While the Temperance movement began as a female-dominated attempt to persuade individuals to abstain from drinking, it later shifted to a campaign to use the force of law to ban the manufacture and sale of alcohol. The Eighteenth Amendment (1920) banned the manufacture, sale, or transport of intoxicating beverages and the Volstead Act codified it in U.S. law. A massive failure in every way, Prohibition was repealed with the Twenty-First Amendment in 1933.
The last of the progressive amendments to the Constitution, the Nineteenth Amendment barred states from denying female citizens the right to vote in federal elections. This amendment extended the right to vote to half the population which had, in most states, been denied the right to cast votes for their representatives. Interestingly, some woman’s suffragists campaigned for the extension of the franchise to women not on women’s equality, but on women’s claimed superior moral character, which was needed to guide the U.S. down the right paths. By acknowledging and basing their arguments on natural differences between the sexes, the suffrage movement differed from modern feminism which emphasizes the view that the sexes are essentially the same.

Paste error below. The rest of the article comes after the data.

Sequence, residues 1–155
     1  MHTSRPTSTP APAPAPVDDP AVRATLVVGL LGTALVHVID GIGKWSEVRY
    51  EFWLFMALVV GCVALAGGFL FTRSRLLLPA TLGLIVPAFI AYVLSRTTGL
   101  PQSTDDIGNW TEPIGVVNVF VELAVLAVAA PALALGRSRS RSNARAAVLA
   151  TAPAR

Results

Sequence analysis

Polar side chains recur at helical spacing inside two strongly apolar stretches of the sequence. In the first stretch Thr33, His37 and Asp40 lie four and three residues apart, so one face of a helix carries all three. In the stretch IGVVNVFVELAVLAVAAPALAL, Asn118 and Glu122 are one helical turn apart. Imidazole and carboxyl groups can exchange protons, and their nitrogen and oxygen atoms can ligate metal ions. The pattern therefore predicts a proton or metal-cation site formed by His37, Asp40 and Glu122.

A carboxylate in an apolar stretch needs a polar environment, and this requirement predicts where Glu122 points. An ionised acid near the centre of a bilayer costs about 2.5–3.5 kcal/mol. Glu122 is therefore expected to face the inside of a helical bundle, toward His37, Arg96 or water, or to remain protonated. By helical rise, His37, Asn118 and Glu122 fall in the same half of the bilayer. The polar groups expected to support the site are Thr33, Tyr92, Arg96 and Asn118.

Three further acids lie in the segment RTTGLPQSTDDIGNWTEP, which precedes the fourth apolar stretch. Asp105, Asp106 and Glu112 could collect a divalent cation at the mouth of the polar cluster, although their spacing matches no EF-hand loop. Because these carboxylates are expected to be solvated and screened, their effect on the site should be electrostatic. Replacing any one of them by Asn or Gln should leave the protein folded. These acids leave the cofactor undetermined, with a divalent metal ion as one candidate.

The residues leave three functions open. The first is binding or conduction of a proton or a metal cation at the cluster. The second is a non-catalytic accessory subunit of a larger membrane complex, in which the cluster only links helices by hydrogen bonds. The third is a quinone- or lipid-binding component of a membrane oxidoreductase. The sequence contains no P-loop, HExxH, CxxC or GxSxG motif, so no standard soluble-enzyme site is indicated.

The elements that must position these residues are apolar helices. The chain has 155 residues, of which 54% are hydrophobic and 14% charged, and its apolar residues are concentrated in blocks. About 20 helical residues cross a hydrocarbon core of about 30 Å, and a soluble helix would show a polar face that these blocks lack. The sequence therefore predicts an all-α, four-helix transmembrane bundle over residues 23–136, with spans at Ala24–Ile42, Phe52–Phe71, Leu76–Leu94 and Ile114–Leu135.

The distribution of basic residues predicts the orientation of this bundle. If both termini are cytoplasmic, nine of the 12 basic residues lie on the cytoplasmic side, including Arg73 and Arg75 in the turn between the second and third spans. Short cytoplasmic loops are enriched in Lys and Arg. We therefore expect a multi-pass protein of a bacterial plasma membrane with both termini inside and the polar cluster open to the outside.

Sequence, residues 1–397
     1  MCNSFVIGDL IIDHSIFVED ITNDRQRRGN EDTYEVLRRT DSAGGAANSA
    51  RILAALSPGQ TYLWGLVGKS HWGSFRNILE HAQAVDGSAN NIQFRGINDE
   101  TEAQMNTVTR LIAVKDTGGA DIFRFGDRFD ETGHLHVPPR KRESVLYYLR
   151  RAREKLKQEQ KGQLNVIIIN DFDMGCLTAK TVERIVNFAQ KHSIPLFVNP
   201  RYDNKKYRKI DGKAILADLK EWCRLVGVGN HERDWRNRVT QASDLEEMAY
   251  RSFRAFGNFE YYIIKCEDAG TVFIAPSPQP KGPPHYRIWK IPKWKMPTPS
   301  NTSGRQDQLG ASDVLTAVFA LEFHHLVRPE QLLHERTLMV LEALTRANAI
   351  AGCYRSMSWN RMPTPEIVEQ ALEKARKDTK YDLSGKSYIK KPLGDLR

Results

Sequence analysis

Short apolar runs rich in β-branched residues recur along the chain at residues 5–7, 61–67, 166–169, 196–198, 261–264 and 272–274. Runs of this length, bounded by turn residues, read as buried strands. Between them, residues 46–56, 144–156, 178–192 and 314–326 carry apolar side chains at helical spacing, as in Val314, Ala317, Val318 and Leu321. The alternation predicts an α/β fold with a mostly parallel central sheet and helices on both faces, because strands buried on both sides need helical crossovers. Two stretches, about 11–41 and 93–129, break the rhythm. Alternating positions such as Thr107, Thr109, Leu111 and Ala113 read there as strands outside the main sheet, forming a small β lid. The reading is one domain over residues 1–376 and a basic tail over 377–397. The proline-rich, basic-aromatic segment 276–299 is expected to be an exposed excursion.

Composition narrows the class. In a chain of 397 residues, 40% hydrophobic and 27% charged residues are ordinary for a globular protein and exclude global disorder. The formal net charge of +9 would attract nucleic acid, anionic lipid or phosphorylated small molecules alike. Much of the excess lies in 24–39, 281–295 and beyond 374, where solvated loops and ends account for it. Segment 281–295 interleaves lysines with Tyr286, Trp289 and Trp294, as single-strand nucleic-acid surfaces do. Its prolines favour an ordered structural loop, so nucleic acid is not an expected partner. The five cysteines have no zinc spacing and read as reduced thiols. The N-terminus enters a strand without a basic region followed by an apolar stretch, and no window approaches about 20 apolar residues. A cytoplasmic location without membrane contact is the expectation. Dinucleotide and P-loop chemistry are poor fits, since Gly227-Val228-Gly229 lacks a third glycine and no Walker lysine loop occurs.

The Progressive Era represented a dramatic shift when it came to many peoples’ understanding of democracy, the purpose of government, and the role it should play in our lives. It also set the stage for the New Deal, and a definition of “rights” that was also a dramatic break from tradition.
Suffragettes march in New York City in 1912 for the right of women to vote.
The Progressive Era
Part of the Civil War’s legacy was a shift in the role of the national government. The defeat of the South, Reconstruction, and the Supreme Court’s interpretation of the Fourteenth Amendment gave the national government growing power over the states and the people. The Fourteenth Amendment gave the national government power (though exactly how much power was still being debated) to ensure state laws did not violate the rights of the freedmen. Additional amendments during the Progressive Era (the 1890s - 1920s) continued this transfer of power to the national government. In the name of giving power to the people, the national government was given power to tax incomes; states lost their representation in Congress, the manufacture and sale of alcohol was banned, and women achieved the right to vote.